As you can see from the video above, Colaiacovo received a scary cross-check from Viktor Arvidsson of the Nashville Predators, who received a major penalty and game misconduct.

Sabres head coach Dan Bylsma said that Colaiacovo was hospitalized with a “dented trachea” yet is OK, the Buffalo News’ John Vogl reports.

Frightening stuff from an eventual 4-1 Sabres win.

PHT will keep an eye out for additional updates regarding Colaiacovo’s health (and a possible suspension for Arvidsson).

Comeback Kings: Gaborik pulls L.A. past Kane, Blackhawks

Jake Muzzin, Scott Darling

Patrick Kane set an American scoring record, and added another assist to make it more impressive, but the Los Angeles Kings just wouldn’t be denied.

In the end, Marian Gaborik‘s big night meant more than Kane’s; he scored the tying and then overtime game-winner, both assisted by Anze Kopitar, for a rousing 4-3 overtime Kings win.

Gaborik’s first goal:

And here’s video of the OT-GWG:

Noticing a theme tonight? Yeah, it’s been an evening in which it’s dangerous to assume a lead would stand.

With that, the Kings stick to the No. 1 spot in the Pacific Division, but Chicago shouldn’t feel all bad. The Blackhawks were able to piece together a decent run during their dreaded “circus trip.”

Patrick Kane’s streak hits 19 games, setting a new American record


When it comes to point streaks for U.S.-born NHL players, Patrick Kane now stands alone.

With a power-play goal early in Saturday’s Blackhawks – Kings game, Kane extended his streak to 19 games, breaking a tie with Phil Kessel and Eddie Olczyk (who finished with at least a point in 18 straight).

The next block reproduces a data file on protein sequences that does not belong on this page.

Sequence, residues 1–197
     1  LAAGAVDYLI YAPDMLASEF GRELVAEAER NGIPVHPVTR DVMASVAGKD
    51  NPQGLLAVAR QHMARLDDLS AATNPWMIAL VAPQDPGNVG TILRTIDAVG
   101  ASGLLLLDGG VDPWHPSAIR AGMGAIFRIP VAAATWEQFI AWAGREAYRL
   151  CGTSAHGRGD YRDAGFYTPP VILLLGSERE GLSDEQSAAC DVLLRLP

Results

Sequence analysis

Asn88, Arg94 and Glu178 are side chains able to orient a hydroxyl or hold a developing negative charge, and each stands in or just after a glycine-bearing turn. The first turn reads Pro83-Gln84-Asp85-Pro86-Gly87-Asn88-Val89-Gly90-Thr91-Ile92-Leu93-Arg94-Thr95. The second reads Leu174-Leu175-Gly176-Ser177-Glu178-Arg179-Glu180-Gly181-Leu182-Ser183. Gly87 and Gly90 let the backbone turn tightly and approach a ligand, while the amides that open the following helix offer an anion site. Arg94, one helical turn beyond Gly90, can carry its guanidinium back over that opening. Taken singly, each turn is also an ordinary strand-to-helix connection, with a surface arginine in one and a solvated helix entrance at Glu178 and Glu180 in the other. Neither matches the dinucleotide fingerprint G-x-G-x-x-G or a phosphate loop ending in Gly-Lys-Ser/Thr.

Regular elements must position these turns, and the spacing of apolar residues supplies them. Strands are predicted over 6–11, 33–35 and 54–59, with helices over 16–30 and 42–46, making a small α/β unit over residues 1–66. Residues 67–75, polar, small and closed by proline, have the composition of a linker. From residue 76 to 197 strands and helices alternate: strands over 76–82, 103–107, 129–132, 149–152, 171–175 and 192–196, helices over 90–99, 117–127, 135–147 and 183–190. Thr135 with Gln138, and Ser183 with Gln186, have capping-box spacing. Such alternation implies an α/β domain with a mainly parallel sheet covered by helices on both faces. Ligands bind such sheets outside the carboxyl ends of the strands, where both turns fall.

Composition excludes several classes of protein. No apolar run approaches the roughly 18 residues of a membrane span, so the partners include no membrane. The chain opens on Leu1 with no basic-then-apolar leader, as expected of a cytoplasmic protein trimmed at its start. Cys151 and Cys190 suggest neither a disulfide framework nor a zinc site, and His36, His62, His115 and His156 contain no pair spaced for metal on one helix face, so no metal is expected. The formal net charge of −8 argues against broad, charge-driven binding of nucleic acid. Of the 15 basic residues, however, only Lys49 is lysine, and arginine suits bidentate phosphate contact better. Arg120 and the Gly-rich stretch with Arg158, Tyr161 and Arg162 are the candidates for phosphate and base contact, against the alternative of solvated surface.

As of this writing, Kane has 11 goals and 19 assists during this 19-game streak. He also leads the NHL in scoring.

Bobby Hull’s 21-game point streak stands as the Chicago Blackhawks’ overall team record, by the way.

So, how would you protect a lead against the Stars?


You know what they say: it’s easy to bash a strategy in hindsight.

Slam that NFL head coach for going for it on fourth down … or settling for the field goal. Bury that MLB manager because he kept a pitcher in too long. And so on.

“Score effects” settle in during almost any lopsided hockey game, yet the Dallas Stars present quite a conundrum: what’s the best way to put a way a team with this much firepower?

Tonight may have presented the greatest evidence that this team won’t go away easy, as it seemed like the Minnesota Wild had the best of a tired Stars team* when they built a 3-0 lead.

Instead, the Stars scored three third-period goals while Tyler Seguin capped the comeback with an overtime-winner.

It was one of those bend-and-then-break moments for Minnesota. Dallas generated a 44-26 shot advantage, including a ridiculous 35-15 edge in the final two periods.

Does that mean that Mike Yeo may have tried to play too conservatively with a healthy lead? It’s a possibility.

On the other hand, would the Wild be wiser to try to run-and-gun with one of the most dangerous offenses in the NHL?

It sure seems like a pick-your-poison situation. Which way would you lean, though?

* – To be fair to Minnesota, each team was on back-to-backs.